This is the technique that the Federal Judiciary used to gain control over America’s schools. First they deconstitutionalized segregation. After it had established that power, the next Judicial move was forced integration (forced busing) throughout the country.

    Incremental encroachment in gaining power is a standard Liberal technique.

    • propagandaoftruth

      Well someone has to run the place other than them if we’re going to make them White by making ourselves black.

      • me

        You mean, like this?

  • TruthBeTold

    Impugning the integrity of a black man is ‘racism’.

    Many more African leaders should be investigated. The only reason more aren’t is because any investigation would be considered ‘racist’.

    • Jesse_from_Sweden

      Actually, the truth is simpler.
      They even mention it in the article, and the article also makes clear why it is so.

      No incumbent leader has ever been convicted. And the reason is clear when you read the article and see that the prosecution essentially has to get their evidence from the very nation that the accused is in control of.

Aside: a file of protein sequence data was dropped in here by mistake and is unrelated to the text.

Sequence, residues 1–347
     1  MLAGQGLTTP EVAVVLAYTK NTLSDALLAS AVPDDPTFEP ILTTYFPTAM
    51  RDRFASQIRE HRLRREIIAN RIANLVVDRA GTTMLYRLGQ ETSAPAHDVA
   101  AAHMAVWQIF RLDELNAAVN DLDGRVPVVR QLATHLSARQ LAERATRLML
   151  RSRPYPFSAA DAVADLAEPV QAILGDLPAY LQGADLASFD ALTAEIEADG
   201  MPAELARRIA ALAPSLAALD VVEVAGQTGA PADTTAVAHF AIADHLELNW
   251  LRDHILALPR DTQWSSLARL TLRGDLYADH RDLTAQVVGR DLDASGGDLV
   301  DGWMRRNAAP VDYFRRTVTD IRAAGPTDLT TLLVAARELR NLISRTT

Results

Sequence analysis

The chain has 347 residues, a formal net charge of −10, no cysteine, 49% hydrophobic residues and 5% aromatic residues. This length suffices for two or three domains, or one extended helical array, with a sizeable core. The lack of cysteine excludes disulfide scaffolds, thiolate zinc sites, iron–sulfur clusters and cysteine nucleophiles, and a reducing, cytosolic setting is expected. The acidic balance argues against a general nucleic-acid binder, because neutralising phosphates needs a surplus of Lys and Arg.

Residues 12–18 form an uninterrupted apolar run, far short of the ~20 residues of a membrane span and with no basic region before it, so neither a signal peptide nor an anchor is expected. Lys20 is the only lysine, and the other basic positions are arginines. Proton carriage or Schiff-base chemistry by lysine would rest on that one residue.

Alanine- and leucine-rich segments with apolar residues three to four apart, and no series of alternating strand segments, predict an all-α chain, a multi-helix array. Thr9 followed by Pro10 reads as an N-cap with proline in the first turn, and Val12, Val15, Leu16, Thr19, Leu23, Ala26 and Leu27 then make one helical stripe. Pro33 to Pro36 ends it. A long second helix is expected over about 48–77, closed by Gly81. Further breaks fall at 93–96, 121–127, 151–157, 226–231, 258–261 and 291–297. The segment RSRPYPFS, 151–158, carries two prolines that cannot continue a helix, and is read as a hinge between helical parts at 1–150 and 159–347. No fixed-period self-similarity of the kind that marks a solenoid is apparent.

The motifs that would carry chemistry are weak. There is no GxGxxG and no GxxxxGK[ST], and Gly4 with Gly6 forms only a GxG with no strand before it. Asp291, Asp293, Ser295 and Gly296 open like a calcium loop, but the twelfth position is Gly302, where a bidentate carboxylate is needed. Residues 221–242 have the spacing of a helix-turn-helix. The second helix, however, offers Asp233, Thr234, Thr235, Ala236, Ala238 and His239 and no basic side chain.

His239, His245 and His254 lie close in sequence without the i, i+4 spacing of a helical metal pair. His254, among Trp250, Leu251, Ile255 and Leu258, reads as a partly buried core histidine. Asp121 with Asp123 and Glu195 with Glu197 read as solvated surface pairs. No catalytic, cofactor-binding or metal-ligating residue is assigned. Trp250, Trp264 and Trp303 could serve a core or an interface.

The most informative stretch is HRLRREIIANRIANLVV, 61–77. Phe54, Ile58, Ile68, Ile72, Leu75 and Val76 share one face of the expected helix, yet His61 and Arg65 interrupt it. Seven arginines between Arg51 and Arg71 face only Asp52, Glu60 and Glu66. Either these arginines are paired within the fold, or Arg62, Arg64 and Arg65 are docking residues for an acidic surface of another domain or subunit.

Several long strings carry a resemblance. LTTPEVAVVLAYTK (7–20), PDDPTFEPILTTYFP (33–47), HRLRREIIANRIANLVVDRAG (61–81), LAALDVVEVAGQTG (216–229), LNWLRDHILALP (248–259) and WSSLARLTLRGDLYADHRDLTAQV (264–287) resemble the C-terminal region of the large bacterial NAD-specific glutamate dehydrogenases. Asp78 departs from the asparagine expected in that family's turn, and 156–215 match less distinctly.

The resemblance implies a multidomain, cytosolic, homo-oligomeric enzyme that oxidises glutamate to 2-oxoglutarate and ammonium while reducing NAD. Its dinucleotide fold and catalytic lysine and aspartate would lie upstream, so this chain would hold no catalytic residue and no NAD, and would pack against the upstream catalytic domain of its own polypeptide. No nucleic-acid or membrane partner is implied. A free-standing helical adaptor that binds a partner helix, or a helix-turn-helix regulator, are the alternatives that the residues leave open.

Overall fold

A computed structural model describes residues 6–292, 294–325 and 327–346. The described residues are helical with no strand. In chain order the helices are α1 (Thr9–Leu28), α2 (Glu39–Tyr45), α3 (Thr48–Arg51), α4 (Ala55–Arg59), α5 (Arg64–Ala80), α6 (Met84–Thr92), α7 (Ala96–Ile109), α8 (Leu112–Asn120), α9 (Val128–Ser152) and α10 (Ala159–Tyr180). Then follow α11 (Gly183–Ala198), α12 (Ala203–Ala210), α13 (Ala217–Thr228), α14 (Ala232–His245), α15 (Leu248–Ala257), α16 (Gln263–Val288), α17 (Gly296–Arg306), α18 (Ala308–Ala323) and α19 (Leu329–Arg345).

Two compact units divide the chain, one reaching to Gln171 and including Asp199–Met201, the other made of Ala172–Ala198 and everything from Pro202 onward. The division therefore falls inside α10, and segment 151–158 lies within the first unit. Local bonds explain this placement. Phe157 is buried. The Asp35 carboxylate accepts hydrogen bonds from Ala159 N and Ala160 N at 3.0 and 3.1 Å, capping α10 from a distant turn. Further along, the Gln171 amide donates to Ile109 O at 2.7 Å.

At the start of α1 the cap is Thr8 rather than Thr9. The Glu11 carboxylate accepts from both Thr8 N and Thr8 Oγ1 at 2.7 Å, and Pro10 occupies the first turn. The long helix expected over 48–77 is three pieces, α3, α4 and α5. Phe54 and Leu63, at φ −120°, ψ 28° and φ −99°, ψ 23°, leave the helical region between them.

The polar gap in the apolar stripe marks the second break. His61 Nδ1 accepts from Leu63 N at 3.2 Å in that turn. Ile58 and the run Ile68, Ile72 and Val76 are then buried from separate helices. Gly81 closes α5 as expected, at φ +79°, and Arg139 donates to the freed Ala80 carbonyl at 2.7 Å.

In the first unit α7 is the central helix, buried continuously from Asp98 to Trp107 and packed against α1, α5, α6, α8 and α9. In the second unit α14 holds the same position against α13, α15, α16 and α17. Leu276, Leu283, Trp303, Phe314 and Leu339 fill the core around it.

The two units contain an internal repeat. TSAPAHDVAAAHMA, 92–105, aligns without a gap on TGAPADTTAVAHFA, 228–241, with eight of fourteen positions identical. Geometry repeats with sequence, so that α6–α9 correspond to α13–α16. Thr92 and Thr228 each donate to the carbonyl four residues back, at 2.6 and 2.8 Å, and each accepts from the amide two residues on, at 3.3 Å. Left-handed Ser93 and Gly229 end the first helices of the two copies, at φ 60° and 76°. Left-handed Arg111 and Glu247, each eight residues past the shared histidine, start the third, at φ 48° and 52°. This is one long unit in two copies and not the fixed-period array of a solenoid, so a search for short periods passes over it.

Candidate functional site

And dictators have a tendency to stay in power (that’s sort of a definition of a dictator after all), so you can really only charge those that have been deposed, where the new winners will give the evidence to convict them (or fabricate evidence if needed).
      That’s the problem with running an investigation in a geographical area that the court doesn’t control.
      And why it’s so much easier to convict leaders like Saddam, Göring etc, after you invade and defeat them.

  • Sue

    Maybe he could get tried in Nuremberg? I heard “justice” was pretty rampant there.

  • LHathaway

    Isn’t Kenya one of the more stable nations in Africa right now? Not meant as insult to Africa – from chaos and struggle comes advancement and a new net-loss to us trade partner.

    One insult I do like to shamefully point out is that something like only 6 or 7 democratically elected leaders in all of African history have ever stepped down from power after losing an election. One might keep an open eye on 2016 in this country.